Zachary Li.

The chapter, A Miracle in Seven Days, Kesey was invited to the annual California Unitarian Church conference. The theme for the conference was, “Shaking the Foundations” (185). Kesey arrives in dramatic fashion on the bus accompanied with by the Pranksters who were dressed in costumes. Kesey managed managed to inject a feeling of uneasiness and annoyance on all the other Unitarians just by his initial appearance at the conference. The theme of the Conference was “Shake the Foundations,” and Kesey was wasting no time. According to Kesey a person cannot experience an emotion until he has experienced both sides of it; so thereafter he takes the flag and steps on it right in the middle of the stage. By this action he has infused a feeling into the crowd of people, making a point of first hand experience. What better way to arouse a feeling of dismay then to take a national symbol and desecrate it openly in public. On the other hand it is just a piece of cloth. Kesey said, “Sometimes we don’t even realize what we really care about, because we get so distracted by the symbols.” (187) People become emotionally attached to certain material possessions without having a genuine feeling towards them; they are at the mercy of different kinds of symbols and games society has created. This incident is an example of how power can disturb authority haphazardly. Kesey and the Pranksters can ultimately control society outside of their social spheres.

In Tom Wolfe’s “The Electric Kool-Aid Acid Test”, we see a basis of literary and cultural heritage that eventually branches off into new styles and symbols. Kesey challenges his followers by saying, “that it’s time to graduate from what has been going on, to something else.” page 8 Kesey is aware that once you experience a sensation, the initial thrill of doing it the first time progressively stops with habitual usage. By using various chemicals and other psychedelic drugs, it gives you an opening and new insight. But the challenge is to be able to reach the same point later with out using them. They only serve as a gateway opening for the experience. Once it has been experienced you cannot keep going through the same window, but just take what was initially experienced and attempt to emulate it refraining from other substances. Initially people were taken back by change because they were getting into a routine style of living and using. But Kesey still pushed for a new movement away from substance use because after a one time use, the doors were open for. By taking the flag and wearing it for an outer garment, the people come together and show a movement of unity and change. The flag has been reconfigured and from the reconfiguration starts a new attitude of reform. New symbols are now equated with the flag which ultimately loosens the tight grip that the government has around its people. Through this movement we can see how everything becomes symbolic or metaphorical for life.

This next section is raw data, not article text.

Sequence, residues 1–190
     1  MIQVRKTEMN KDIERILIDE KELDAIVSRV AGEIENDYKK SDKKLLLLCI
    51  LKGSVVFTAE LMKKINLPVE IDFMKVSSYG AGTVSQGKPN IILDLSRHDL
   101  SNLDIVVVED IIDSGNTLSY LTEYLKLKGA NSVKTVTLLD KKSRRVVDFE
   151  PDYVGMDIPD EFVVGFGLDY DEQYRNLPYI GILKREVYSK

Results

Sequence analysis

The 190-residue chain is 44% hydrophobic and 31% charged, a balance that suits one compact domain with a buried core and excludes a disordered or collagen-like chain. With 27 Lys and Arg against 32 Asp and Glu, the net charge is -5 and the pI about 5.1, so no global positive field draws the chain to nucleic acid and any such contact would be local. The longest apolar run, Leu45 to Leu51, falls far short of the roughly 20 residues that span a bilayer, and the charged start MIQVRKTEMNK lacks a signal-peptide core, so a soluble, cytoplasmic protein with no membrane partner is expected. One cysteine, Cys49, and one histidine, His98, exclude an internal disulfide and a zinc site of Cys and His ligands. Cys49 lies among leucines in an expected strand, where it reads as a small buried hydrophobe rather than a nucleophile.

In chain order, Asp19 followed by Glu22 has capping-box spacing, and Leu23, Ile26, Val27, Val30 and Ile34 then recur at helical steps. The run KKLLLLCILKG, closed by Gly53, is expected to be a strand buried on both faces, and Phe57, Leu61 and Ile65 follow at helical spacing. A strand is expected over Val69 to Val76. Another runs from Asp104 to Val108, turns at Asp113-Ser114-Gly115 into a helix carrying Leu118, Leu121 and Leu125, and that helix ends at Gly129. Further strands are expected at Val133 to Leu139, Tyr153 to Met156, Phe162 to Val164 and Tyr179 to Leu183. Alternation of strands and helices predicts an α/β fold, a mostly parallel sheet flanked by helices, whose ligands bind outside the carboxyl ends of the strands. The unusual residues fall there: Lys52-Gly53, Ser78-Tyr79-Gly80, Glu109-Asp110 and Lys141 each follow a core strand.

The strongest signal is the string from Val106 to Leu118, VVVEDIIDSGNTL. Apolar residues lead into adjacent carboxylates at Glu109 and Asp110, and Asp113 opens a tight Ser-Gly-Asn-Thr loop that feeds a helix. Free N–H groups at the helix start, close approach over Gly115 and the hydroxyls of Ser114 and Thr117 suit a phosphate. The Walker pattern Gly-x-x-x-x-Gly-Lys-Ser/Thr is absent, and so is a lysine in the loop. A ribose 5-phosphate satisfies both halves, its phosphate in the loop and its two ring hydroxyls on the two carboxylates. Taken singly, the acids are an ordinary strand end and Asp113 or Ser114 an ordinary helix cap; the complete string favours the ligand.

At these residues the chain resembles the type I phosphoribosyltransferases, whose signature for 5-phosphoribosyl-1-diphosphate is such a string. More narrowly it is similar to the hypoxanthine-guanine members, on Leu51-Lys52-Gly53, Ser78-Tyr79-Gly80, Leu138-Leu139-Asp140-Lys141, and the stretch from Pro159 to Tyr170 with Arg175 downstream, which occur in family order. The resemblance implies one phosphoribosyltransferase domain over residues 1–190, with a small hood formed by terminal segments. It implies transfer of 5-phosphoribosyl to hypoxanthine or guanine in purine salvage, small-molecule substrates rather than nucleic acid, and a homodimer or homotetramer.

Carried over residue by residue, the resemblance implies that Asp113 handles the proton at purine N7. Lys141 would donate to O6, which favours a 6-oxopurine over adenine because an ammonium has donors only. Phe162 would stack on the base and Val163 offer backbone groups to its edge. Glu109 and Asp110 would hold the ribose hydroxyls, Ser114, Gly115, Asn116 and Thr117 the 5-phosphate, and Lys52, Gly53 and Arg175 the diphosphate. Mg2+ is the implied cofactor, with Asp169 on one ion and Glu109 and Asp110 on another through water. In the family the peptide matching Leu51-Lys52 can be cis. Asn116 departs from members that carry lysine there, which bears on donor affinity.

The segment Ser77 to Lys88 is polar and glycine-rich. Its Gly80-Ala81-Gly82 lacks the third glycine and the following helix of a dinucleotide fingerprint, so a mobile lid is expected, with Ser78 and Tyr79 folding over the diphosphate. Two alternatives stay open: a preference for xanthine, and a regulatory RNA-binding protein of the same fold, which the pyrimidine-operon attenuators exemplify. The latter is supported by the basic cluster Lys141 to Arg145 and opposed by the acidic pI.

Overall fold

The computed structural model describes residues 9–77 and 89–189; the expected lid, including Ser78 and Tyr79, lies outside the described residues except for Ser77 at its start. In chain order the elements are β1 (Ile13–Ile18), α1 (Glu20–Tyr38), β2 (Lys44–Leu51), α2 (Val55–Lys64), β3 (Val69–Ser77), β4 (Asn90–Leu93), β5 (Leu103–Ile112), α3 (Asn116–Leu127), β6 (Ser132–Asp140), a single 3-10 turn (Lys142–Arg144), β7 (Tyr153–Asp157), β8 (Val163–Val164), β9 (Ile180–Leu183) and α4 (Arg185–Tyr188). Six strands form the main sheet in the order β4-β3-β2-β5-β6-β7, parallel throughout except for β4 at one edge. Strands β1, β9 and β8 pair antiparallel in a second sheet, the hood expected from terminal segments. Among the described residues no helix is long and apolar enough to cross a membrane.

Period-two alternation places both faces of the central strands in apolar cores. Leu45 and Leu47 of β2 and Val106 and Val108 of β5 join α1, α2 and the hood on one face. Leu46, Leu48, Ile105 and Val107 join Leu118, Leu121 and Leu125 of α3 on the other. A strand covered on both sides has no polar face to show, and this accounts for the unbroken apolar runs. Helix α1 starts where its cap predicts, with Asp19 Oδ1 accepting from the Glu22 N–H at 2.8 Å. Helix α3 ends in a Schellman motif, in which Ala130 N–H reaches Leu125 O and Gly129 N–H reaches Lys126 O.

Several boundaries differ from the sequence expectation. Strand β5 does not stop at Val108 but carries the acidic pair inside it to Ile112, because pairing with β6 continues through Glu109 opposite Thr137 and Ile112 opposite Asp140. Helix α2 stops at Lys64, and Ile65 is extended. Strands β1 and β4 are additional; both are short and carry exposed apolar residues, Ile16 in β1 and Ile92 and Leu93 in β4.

“The Dharma Bums,” a novel written by Jack Kerouac, is where a main subject that was at times the main focus, comes into play an intricate role in the beginning, this main subject is sex. Japhy would like to look at sex from a different perspective where it is perceived more as ceremonial and a religious holy experience. He refers to the sexual act as yabyum, which is a way to over look the initial thought and what it really means. During a yabyum secession, Ray becomes concerned by the way some are so open with their nakedness when being around other people. But he soon learns that is deals with some peoples up-bringing. Also, when Japhy says “pretty girls make graves,” (Kerouac 29) this quote is a re-affirmation that lust will lead to birth which will only cause suffering and eventually death in the end. So with this in mind, one would think they would be a little more apprehensive when engaging in casual group sex like yabyum. In participating in such acts, one could possibly believe that they could receive good karma by helping one another out in the order to achieve the complete and true yabyum experience. The whole notion is however; one will gain good karma by giving something to someone else regardless of what it is that one has to offer. As long as there is an exchange one will be given good karma. However, Ray Smith also displays deep feelings for Princess, who is engaging in sex with other people. Princess looks at yabyum like there is nothing wrong with it; it is a religious ceremony so it is not a bad act. People sometimes look at religions as a way in order to get around certain acts. This notion shows how yabyum can be looked at as a religious and cultural experience where one gains things from two sides of the spectrum.

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